Piano Playing and its Many Positive Effects on Body and Mind
Music has long been known to have a therapeutic effect on the mind, body and soul. However, most people aren't familiar with the specific benefits that playing the piano offers and not even the hordes of piano enthusiasts over at Piano Forum seems to be aware of the many positive side effects of playing and practicing on a regular basis. But experts agree that playing the piano has measurable physical and mental benefits for those who play, regardless of age.
Playing the piano has a distinct benefit over playing other instruments when it comes to the physical body. Taking piano lessons and practicing regularly as children offers unparalleled fine motor skill development. No other activity offers such a focus on fine motor skills development. In addition, playing the piano has a physiological effect on the body in that it helps those who play lower their blood pressure, heart rate and respiratory rates, which puts regular piano players in a lower risk category when it comes to cardiovascular problems such as heart attack, stroke and more. What's more is that playing the piano has been linked to an increase in the production of hCG, or human growth hormone, which has been linked to slowing the natural aging process. Having more hCG means slowing the progression of age related conditions such as osteoporosis, while boosting energy levels, sexual performance and increasing muscle mass.
In addition to providing a slew of physical benefits, playing the piano has also been shown to boost brain power. Experts have shown through research that playing the piano can boost cognitive and intellectual abilities, making you smarter. Musical training has the ability to tap into the same areas that are tapped when the brain is being used to solve math problems or in spatial intelligence. These studies have gone on to suggest that children who play piano regularly throughout their lives often score as much as 100 points better on standardized tests such as the SAT and those who attend college in search of a music degree have shown to have a higher acceptance rate into medical school.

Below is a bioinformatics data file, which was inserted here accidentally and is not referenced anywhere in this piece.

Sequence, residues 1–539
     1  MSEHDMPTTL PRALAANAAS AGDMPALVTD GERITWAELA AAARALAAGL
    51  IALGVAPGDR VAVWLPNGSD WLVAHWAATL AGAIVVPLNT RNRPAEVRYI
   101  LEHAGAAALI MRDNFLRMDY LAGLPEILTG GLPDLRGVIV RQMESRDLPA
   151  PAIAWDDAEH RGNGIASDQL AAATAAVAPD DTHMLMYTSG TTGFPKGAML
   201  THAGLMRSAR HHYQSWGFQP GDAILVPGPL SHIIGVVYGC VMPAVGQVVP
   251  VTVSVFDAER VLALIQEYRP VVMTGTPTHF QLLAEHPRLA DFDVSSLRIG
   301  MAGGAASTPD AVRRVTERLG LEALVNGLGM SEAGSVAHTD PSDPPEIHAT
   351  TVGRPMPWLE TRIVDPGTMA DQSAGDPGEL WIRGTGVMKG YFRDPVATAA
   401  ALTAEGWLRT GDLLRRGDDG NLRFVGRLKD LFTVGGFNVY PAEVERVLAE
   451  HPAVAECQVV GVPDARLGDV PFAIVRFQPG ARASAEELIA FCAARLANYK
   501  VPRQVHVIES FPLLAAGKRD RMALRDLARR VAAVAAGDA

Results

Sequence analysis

Striking a Contented Chord
Last but not least, researchers have been able to find a definitive link between playing the piano and emotional benefits. Anxiety, loneliness and depression are common emotional disturbances that have been shown to be positively affected by playing the piano.
With continued research, some medical professionals believe that many people suffering from a myriad of emotional conditions may benefit more from recreational music making more than with standard pharmaceutical therapies that are in use today. Imagine being able to treat anxiety and depression with a piano rather than drugs.
And this list is far from exhaustive. Scientists also believe that playing the piano fosters an increase in work ethic, creativity, independence and even perseverance. With all of the physical, mental and emotional benefits that playing the piano offers, it seems as though more people will be rushing to the closest piano retailer and putting one in their homes today. If you are in need of a quick pick me up or a de-stressor at the end of a long day, maybe it's time to step away from the coffeemaker and junk food and spend some time tickling the ivories instead!
Piano Forum is a leading online resource for everything having to do with pianos. Whether you are interested in getting started playing the piano or are looking to find others who share your passion, visit http://pianostreet.com.